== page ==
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Editor’s Note: lieutenant Hanna’s paper Won the Naval Submarine League Essay Contest for Submarine Officers’ Advanced Dass 99030. lieutenant Hanna is currently the Executive Officer on NR-1.

You may be thinking that an SSN already has an air independent propulsion (AIP) system powered by its nuclear reactor; however, you would only be partially correct. While the reactor is the primary power source, a diesel engine with attached generator is the alternate means for long-term emergency power. This diesel engine is not an ideal alternative power source to the react. or and there is the better technology being developed.

The Problem

As a power source, the diesel has some major tactical deficiencies. As an air dependent system, the diesel is not available on demand at any operating depth of the submarine. Instead, the submarine must have access to external air through either the snorkel mast or an open hatch for the diesel to run. In arctic areas, the requirement for external air could create serious consequences if ice-free water is not immediately available. In addition, the demand for snorkel air would create a very long and dangerous trip home, if the diesel becomes the sole means of recharging the batteries and providing propulsion. Because of the air dependency, the submarine must risk non-acoustic counter-detection by exposing a large radar cross-section in order to gain the air for the diesel. On some peacetime missions, a counter-detection could have serious political ramifications and during wartime, it may mean death for the submarine and her crew. Along with the non-acoustic counter-detection risk, the diesel is a serious acoustic counter detection risk. The diesel operations are not as quiet as operating on the reactor and provide a significant acoustic source. In summary, the diesel provides the SSN three major problems during an emergency, 1) air dependent, 2) non-acoustic counter-detection risk, and 3) an acoustic counter-detection risk.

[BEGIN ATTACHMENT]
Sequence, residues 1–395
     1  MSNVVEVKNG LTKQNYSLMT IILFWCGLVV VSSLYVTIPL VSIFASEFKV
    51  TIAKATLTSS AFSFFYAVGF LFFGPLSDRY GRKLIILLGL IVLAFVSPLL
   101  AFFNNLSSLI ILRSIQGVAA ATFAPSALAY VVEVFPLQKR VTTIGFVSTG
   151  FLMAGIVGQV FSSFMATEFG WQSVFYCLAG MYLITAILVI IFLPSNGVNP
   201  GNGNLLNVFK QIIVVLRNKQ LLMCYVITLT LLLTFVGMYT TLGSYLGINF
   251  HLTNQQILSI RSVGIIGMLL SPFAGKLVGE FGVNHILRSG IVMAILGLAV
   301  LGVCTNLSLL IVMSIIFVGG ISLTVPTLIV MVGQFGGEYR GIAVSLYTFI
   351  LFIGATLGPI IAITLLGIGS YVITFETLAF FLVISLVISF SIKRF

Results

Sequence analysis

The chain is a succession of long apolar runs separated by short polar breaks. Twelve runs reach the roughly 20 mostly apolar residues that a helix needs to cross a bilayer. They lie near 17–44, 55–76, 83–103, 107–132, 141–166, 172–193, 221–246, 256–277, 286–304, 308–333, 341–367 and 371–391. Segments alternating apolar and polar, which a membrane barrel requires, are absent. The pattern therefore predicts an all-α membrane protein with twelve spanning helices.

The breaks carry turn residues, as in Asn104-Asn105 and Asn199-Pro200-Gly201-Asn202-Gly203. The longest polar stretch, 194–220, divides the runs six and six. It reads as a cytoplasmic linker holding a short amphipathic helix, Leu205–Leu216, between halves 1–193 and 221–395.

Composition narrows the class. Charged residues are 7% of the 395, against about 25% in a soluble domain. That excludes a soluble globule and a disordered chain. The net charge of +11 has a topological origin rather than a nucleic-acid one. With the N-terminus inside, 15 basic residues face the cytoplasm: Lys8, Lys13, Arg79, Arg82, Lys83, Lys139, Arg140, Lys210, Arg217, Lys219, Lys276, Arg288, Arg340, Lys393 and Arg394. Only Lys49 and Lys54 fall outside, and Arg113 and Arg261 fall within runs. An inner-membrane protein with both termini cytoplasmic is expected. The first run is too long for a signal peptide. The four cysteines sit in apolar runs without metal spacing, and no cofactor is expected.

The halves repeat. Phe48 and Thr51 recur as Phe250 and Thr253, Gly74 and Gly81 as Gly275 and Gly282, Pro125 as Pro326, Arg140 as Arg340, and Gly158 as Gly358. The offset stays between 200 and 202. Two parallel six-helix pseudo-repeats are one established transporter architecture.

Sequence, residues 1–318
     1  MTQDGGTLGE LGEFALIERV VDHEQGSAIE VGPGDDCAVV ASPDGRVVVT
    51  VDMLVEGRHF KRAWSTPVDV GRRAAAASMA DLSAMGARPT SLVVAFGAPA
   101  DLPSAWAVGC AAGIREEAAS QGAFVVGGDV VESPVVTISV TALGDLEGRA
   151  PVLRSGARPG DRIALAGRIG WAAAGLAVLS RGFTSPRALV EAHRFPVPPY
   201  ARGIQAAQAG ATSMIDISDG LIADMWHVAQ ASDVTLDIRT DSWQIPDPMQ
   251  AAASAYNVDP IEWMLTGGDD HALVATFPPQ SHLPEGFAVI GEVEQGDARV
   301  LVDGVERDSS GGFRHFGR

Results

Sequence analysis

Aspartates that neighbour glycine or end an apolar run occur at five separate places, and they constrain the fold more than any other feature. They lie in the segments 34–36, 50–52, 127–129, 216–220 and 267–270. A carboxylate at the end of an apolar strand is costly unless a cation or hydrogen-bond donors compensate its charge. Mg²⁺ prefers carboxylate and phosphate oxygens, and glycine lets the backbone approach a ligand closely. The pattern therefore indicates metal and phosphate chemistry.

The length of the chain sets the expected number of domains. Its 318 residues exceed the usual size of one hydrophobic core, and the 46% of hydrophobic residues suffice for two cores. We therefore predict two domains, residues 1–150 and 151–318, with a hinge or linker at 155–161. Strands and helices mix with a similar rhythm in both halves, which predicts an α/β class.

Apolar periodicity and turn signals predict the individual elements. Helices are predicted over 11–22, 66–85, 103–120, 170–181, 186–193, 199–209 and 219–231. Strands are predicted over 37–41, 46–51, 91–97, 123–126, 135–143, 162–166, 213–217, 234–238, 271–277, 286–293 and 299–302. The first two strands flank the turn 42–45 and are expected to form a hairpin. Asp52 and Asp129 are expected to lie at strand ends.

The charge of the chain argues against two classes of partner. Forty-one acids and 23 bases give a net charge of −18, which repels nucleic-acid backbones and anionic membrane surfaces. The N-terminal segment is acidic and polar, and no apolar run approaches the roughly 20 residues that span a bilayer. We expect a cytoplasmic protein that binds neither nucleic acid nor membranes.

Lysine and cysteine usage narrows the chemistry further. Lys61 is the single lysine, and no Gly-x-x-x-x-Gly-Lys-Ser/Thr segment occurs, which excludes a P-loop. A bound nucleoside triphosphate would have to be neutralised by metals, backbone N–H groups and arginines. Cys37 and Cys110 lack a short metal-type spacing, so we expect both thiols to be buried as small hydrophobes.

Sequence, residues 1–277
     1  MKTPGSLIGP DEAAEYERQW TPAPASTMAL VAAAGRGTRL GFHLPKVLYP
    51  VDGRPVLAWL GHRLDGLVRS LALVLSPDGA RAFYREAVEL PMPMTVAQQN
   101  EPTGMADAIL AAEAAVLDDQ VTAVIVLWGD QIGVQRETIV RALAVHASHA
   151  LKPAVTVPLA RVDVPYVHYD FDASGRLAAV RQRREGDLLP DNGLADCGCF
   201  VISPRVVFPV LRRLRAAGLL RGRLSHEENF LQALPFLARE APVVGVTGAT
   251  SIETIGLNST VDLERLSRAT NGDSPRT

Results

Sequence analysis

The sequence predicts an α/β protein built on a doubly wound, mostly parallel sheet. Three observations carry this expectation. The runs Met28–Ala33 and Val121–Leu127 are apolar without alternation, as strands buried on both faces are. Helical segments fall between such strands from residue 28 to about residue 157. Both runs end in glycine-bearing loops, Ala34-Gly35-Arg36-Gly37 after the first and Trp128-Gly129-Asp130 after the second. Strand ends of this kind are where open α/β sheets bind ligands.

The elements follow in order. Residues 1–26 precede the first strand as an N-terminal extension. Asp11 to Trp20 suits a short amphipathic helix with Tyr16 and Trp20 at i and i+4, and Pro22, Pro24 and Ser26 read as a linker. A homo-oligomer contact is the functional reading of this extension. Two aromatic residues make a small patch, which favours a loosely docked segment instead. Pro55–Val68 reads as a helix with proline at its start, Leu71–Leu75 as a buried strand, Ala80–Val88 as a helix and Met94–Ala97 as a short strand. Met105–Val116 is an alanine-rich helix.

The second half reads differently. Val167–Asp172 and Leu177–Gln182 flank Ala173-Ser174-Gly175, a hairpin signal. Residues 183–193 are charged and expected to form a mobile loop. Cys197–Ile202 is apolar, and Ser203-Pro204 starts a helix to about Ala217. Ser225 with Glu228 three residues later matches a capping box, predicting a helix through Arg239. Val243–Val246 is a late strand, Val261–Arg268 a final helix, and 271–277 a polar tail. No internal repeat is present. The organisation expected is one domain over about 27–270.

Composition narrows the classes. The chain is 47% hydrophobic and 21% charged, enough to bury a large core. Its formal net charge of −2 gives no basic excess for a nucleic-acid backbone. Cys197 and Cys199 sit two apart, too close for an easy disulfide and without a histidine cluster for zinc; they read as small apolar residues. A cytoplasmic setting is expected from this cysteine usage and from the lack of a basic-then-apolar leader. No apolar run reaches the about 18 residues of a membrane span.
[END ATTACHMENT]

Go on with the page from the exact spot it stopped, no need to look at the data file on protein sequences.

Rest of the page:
The Solution

There is a new technology that is on the near horizon {less than 5 years away) which can solve all the problems of the diesel and provide some additional benefits. The technology is air independent propulsion power provided by hydrogen-oxygen cells. This technology is under development by the Germans for incorporation into the Type 212 SSK in the year 2005. The cells work on a (Process similar to running an oxygen generator in reverse. Hydrogen and oxygen are mixed in a cell with a catalyst and recombine into water while directly producing electricity. There is no combustion and no motor or generator required. The cells are expected to be extremely safe (it is anticipated that Mercedes Benz will even use these cells in consumer vehicles, i.e., cars and trucks). The AIP system will give the U-Boats an ability to operate for over IO days submerged and could possibly provide an SSN with the same sort of ability as a substitute for the diesel generator.